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UK foreign aid turns to research

£375 million from development budget will be redirected to science partnerships with middle-income economies.

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Laboratories in South Africa could benefit from a new UK programme for funding research in 15 countries.

The United Kingdom has launched a five-year, £375 million (US$630 million) fund to support science and innovation partnerships with researchers in developing countries that will focus on economic development.

The Newton Fund, first announced in December 2013, will consist of money transferred from the Department for International Development (DfID) to the Department for Business, Innovation & Skills (BIS), and will go towards meeting the UK’s target of spending 0.7% of GDP on international development — while being also counted as part of the country’s science budget.

“The fund’s primary focus is to develop partner countries’ long-term sustainable growth and welfare through building research and innovation capacity,” says a spokeswoman for BIS.

Boosting innovation

Xiaolan Fu, who studies technology and international development at the University of Oxford, UK, is pleased that the role of innovation in boosting developing economies is getting more attention from donor countries. “For international development, this is a very positive move to an area that has been ignored,” she says. “For a long time the focus has been on poverty reduction through aid and political change, but international development needs to promote economic growth to get long-term, sustainable change.”

There is a belief that science and innovation are not relevant for low-income countries, says Fu, but her research has found that innovation is active in even the poorest parts of the developing world — although it tends not to be conventional lab-based research and development. “It’s a different kind of innovation, more learning-based and aimed at knowledge diffusion,” she says.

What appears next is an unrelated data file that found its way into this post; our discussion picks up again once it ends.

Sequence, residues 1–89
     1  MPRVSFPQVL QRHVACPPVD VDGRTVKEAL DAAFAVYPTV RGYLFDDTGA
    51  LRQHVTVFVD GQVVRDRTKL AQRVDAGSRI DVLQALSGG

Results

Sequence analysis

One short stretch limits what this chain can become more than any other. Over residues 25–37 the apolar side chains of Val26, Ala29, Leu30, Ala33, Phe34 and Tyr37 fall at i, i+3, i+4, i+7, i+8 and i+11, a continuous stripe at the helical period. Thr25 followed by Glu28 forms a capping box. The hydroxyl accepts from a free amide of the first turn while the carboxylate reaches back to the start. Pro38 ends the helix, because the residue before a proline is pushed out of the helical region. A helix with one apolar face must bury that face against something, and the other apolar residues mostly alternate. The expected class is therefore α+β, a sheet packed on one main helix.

The Newton Fund will support joint research projects; student and researcher fellowships; capacity-building projects such as training and infrastructure; and projects to translate basic research into innovation. Grants will focus on each partner country’s priorities and development goals, such as energy security or climate-change adaptation.

“Science and innovation are central to economic development and growth in all countries. They underpin solutions to many of the development issues facing the world today — from poverty reduction to improved health and sustainable growth,” said science minister David Willetts.

Worldwide partnerships

The fund has 15 partner countries in the Middle East, South America, Asia and Africa. Most are not on the DfID’s list of 28 priority countries where the UK focuses its aid (the majority of which are in sub-Saharan Africa and low-income) but they are all on the Organisation for Economic Co-operation and Development's official list of development-assistance recipients, which means that they are eligible to receive development aid from the UK government.

“These countries have developed beyond the need for permanent aid programmes,” says the BIS spokeswoman. “Instead, the Newton Fund will use our joint strengths in scientific research to promote development across the world and build long-term collaborations with countries that will produce leading innovations in the future.”

All partner countries have said they are keen to match funds if possible, according to BIS. So far the UK has signed agreements for matching funds with Brazil, Chile and China. The Brazil deal, agreed on 9 April by UK Chancellor George Osborne during a visit to the country that focused on trade negotiations, is worth £18 million over three years, with Brazil and the United Kingdom each providing half of the money. Projects will focus on food security, urban development, industrial biotechnology and neglected diseases.

These kinds of collaboration are more suitable for the middle-income countries that feature on the Newton Fund list than for low-income ones, says Fu, because such countries have the financial and human resources to contribute as more equal partners. But they can still use help from the developed world. “These countries have enjoyed fast economic growth in recent years, but that growth is not balanced, and in many cases income inequality is widening,” she says.

The collaborative partnerships will help build capacity — both material and in personnel — in the partner countries in a way that avoids siphoning off the best brains to institutions in the developed world, adds Fu. “This group of countries will probably see more of a ‘brain circle’ in this partnership,” she says.

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